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References... Baldwin, P (1990), The politics of social solidarity, Cambridge: Cambridge University Press. BBC (2003), http://news.bbc.co.uk/1/hi/events/newsnight/1372220.stm Bergh, A (2004), The Universal Welfare State, Theory and the Case of Sweden, Political Studies,Vol 52 745766 Blastland, M (2010), Will spending cuts have to assault middle-class voters?, BBC News, 14.7.10, http://www. bbc.co.uk/news/10617218. Bramley, G (1998), Where does public spending go?, London: Department of the Environment Commission on Social Justice (1994) Social Justice: Strategies for National Renewal: Report of the Commission on Social Justice, London: Vintage. Cuthbert, Jim and Margaret (2012) Using Our Buying Power to Benefit Scotland – the case for change, Jimmy Reid Foundation, http://reidfoundation.org/portfolio/using-our-buying-power-to-benefitscotland-the-case-for-change/ Danson, M. (2012) ‘Whose economy? Scotland in Northern Europe: balancing dynamic economies with greater social equality’, presentation to The Economy, Energy and Tourism Committee 4th annual joint seminar with the STUC on “Growth versus the Scottish Government’s ‘Golden Rules’ and Economic Strategy”, 21st February 2012, http://www.scottish.parliament.uk/parliamentarybusiness/CurrentCommittees/47772. aspx Department for Work and Pensions (2012), Fraud and error in the benefits system, http://statistics.dwp.gov. uk/asd/asd2/fem/fem_1011_revised.pdf, p 15 Elliott, L. and Atkinson, D. (2012) Going South: Why Britain Will Have a Third World Economy by 2014, Basingstoke: Palgrave Macmillan. Esping-Anderson, G (1996), Welfare States in Transition, Sage Eurostat press release (2012) http://epp.eurostat.ec.europa.eu/cache/ITY_PUBLIC/3-08022012-AP/EN/308022012-AP-EN.PDF, 21/2012 - 8 February 2012. Field, F., Meacher, M. and Pond, C. (1977) To Him Who Hath: A Study of Poverty and Taxation, Harmondsworth: Penguin Books. Goodin, R E (2002), Towards a minimally presumptuous social welfare policy, in P van Parijs (ed) Arguing for basic income, London: Verso. Goodin, R. E. and Le Grand, J. (1986), ‘Creeping Universalism in the Welfare State: Evidence from Australia’, Journal of Public Policy, 6 (July/Sept), 255–7 Guardian (2012), Predistribution: an unsnappy name for an inspiring idea, http://www.guardian.co.uk/ commentisfree/2012/sep/12/ed-miliband-predistribution Hills, J, Smithies, R and McKnight, A (2006), Tracking income, London: LSE Centre for the Analysis of Social Exclusion. Hindriks, J. and De Donder, P. (2003), ‘The Politics of Redistributive Social Insurance’, Journal of Public Economics, 87 (12), 2639–60 HMRC (2011), Tax Receipts Forecast 2011/12, TSO HMRC (March 2012), The Exchequer effect of the 50 per cent additional rate of income tax, TSO HM Treasury (2012), UK Budget, TSO Horton, T and Gregory, J (2009), The Solidarity Society, London: Fabian Society, p xxxi Korpi, W. and Palme, J. (1998) ‘The Paradox of Redistribution and Strategies of Equality: Welfare State Page 17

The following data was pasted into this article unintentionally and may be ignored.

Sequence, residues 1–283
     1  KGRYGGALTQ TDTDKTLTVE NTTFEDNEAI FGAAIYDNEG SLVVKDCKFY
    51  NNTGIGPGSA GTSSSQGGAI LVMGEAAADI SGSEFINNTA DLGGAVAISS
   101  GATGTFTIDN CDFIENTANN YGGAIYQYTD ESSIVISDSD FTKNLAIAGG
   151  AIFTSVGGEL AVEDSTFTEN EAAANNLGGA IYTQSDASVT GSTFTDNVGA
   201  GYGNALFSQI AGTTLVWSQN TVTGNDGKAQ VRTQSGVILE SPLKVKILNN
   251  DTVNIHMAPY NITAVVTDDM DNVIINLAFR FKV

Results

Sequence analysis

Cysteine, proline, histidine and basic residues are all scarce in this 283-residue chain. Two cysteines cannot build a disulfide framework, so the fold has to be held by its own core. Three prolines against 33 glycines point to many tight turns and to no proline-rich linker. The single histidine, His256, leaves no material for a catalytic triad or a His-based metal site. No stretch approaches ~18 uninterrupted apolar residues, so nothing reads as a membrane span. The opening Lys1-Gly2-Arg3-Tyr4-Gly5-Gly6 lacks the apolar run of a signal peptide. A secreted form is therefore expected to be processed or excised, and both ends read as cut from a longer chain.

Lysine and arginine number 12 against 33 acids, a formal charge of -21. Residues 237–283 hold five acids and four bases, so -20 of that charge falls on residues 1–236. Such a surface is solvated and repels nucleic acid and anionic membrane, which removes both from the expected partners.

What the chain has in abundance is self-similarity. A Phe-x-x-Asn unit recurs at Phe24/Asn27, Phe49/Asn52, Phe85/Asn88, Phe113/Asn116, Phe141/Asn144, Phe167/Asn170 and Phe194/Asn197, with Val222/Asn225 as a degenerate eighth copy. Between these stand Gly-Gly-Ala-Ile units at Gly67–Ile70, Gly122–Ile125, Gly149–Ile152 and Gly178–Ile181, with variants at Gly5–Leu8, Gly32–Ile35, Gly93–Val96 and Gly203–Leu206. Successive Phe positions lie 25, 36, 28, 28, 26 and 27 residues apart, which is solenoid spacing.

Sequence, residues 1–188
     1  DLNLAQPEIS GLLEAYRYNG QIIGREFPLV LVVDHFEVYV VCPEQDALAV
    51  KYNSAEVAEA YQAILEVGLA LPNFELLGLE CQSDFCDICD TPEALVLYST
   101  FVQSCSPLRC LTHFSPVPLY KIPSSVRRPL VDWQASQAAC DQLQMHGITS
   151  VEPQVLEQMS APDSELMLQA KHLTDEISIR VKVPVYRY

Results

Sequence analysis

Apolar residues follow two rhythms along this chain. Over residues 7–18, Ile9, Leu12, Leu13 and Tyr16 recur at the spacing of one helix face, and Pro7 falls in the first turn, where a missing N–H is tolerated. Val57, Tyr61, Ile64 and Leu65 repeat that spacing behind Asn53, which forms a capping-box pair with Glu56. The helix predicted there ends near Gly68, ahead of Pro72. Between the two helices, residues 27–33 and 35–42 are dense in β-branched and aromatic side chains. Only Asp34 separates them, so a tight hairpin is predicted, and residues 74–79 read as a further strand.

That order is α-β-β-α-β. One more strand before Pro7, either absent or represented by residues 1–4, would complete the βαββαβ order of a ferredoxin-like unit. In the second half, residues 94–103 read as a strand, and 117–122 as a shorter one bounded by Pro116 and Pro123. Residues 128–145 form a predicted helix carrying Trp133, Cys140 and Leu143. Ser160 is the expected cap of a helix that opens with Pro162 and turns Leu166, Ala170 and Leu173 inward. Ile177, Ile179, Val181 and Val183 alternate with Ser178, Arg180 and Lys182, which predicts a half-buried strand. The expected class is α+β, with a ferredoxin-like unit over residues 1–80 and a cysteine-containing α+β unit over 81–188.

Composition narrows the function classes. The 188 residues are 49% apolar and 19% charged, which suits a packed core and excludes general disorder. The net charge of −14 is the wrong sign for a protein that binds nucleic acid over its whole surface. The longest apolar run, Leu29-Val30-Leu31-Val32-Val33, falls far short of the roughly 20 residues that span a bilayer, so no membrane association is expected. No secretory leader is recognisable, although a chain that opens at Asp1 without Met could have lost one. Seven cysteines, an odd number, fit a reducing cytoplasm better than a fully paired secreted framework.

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Web: www.reidfoundation.org Phone: 0845 557 6844 Email: contact@reidfoundation.org The Reid Foundation PO Box 8781 Biggar ML12 9AG

The Case for Universalism  

A paper published by the Jimmy Reid Foundation